S          Sightings of Jesus’s Appearance. Jesus was not seen just once. He was seen numerous times over the course of a forty-day period. 1 Cor. 15 notes that over 500 people saw Jesus at one time. Seeing that the early creed in 1 Corinthians does not contain any female witnesses and the fact that only men were counted in public gatherings, I think the number is probably more likely around 2,000 that saw Jesus alive at one time.

E         Early Confessions and Creeds. The New Testament is caulked full of early creeds and confessions. Some of the more prominent entries include 1 Cor. 15:3-9; Rom. 10:9; Col. 1:15-20; Phil. 2:5-11; among many others. Some of these creeds and formulations date to within 3-5 months of Jesus’s resurrection (esp. 1 Cor. 15:3-9).

N         Newfound Faith. The transformation of Paul of Tarsus and James the brother of Jesus is legendary. These two individuals were against Jesus and his ministry until they witnessed the risen Jesus. In addition, the church changed some details of their worship in a radical fashion after Jesus’s resurrection. They switched their day of worship from the Sabbath day to Sunday to commemorate Jesus’s resurrection.

 

So, while I am not convinced by the recent test contra the Shroud, I also hold that the resurrection of Jesus stands strong historically with or without the Shroud. No matter what the final verdict turns out to be concerning the Shroud, the resurrection of Jesus is, as far as I am concerned, historically verifiable.

 

Brian G. Chilton is the founder of BellatorChristi.com and is the host of The Bellator Christi Podcast. He received his Master of Divinity in Theology from Liberty University (with high distinction); his Bachelor of Science in Religious Studies and Philosophy from Gardner-Webb University (with honors); and received certification in Christian Apologetics from Biola University. Brian is enrolled in the Ph.D. program in Theology and Apologetics at Liberty University. Brian has been in the ministry for over 15 years and serves as a pastor in northwestern North Carolina.

 

© 2018. BellatorChristi.com.

[1] “New Forensic Tests Suggest Shroud of Turin is Fake,” Newsmax (July 18, 2018), retrieved July 24, 2018, https://www.newsmax.com/newsfront/shroud-turin-fake-jesus/2018/07/18/id/872517/.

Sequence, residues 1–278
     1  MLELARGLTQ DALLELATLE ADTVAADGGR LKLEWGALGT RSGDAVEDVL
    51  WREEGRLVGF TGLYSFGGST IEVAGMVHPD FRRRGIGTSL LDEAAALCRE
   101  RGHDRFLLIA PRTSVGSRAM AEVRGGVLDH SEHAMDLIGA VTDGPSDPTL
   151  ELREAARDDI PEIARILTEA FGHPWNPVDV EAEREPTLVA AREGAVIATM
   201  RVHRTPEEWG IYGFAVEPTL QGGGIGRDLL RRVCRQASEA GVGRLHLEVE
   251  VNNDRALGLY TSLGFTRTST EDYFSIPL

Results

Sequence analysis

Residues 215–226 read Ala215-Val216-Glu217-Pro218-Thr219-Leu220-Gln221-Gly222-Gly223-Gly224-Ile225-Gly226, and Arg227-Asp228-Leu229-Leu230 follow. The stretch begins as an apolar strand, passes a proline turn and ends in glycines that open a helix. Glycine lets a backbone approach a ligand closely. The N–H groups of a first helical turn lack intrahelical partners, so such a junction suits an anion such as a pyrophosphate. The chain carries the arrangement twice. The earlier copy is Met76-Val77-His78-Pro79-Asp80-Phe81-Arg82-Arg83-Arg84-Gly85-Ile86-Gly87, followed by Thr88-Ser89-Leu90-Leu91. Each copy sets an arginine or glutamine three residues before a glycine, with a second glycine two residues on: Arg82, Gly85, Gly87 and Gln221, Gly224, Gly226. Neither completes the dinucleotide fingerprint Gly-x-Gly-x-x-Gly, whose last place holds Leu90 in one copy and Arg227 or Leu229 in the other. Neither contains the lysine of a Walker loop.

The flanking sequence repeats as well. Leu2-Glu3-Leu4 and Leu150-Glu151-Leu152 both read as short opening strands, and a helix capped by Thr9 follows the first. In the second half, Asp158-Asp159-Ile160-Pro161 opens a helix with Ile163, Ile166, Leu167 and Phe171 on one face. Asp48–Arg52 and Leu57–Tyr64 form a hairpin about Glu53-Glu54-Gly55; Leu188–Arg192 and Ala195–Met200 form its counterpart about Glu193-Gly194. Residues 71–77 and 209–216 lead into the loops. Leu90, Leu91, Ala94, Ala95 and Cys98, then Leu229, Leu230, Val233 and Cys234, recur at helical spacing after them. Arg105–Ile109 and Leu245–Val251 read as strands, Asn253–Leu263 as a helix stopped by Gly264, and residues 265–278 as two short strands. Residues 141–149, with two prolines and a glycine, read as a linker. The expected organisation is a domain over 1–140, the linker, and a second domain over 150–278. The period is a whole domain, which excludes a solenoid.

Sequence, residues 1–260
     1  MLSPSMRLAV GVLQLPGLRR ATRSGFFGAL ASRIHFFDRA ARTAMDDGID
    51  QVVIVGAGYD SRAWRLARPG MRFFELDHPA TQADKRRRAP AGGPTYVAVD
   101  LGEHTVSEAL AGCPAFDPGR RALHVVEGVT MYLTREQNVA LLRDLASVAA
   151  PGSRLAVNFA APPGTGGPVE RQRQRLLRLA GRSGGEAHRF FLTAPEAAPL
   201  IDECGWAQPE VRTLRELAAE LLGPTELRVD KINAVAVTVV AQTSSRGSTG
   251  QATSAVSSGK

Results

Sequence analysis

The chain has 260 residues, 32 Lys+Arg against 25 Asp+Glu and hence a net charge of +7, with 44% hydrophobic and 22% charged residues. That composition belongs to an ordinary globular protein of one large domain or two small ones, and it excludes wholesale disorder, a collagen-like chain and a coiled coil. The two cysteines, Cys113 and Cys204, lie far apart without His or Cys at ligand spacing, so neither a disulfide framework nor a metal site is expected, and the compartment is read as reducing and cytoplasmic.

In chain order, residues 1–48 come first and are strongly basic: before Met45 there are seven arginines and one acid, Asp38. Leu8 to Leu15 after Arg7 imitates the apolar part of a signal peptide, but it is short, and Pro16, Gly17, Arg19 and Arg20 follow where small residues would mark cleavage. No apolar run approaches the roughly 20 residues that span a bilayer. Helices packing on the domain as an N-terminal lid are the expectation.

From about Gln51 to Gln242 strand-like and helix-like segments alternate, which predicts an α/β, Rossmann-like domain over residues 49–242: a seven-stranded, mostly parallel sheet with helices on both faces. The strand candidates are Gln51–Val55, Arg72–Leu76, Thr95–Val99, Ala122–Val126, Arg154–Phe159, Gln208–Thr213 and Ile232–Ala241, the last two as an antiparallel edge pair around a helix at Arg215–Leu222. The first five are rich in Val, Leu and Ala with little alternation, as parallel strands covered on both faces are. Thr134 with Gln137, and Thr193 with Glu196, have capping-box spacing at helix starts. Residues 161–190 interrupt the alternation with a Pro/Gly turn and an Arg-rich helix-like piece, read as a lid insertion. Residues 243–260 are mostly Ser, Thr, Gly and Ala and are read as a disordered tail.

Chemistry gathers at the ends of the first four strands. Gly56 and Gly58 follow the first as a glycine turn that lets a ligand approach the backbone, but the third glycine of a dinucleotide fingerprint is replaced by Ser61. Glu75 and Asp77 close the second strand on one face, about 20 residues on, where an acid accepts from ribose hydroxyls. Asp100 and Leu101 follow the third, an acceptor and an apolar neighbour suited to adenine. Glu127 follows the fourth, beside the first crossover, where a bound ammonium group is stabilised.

[2] Kelly P. Kearse, “Blood on the Shroud of Turin: An Immunological Review,” Shroud.com (2012), retrieved July 24, 2018, https://www.shroud.com/pdfs/kearse.pdf.

[3] In example, see Jason Jimenez’s use of the acronym in Jason Jimenez, “Five Pieces of Evidence that Jesus Has Risen,” StandStrongMinistries.org, retrieved July 24, 2018, https://www.standstrongministries.org/articles/five-pieces-of-evidence-that-jesus-has-risen/.

Transitions and Faith in the Fear of the Unknown

Source: Transitions and Faith in the Fear of the Unknown

By: Brian G. Chilton | July 16, 2018

 

This past weekend was difficult. For it was this weekend that I announced my resignation from my position as pastor at Huntsville Baptist Church due to having accepted the senior pastor position at Westfield Baptist Church in the Mount Airy area of North Carolina. I have many reflections concerning this move. However, the greatest reflection that comes to me is the importance in having faith in God when facing fears of the unknown.

I must confess. I am not one who enjoys moving or change for that matter. I am, by and large, like many people—a creature of habit. So, as we face this transition, there is a bit of fear. Fear of the unknown. Such fears raise several unknown questions. What if the people don’t like me? What if I am unable to do the job? What if something happens to me or my family? Fear can be debilitating if left to itself. However, when we face fears of the unknown, we have a powerful tool to combat its effects—faith.

Biblical faith is a trust in God’s abilities and in his character. It is not something that results from an unreasonable belief. Rather, it is built upon a trust upon a knowable person. In this case, that Person is God. So, how can faith combat fear of the unknown?

 

Faith Combats Fear by Trusting in God’s Plan. I have been preaching a series of messages through Acts. One thing that has struck me in this study is the amount of trust that the apostle Paul placed in God’s direction. Paul continued to journey where God led him. For instance, “Paul resolved by the Spirit to pass through Macedonia and Achaia and go to Jerusalem” (Ac. 19:21).[1] Even though a riot developed after Paul’s travels through the area going to Jerusalem, God providentially provided for Paul.

Here’s the point that we need to remember. If God is leading us to do something great or to go somewhere distant, we must first make sure it is God leading us, and second, we must trust God’s direction and leadership. If God is in the process, then he will see you through the unknown situations. God knows past, present, and future. We do not. So, we must trust God’s plan.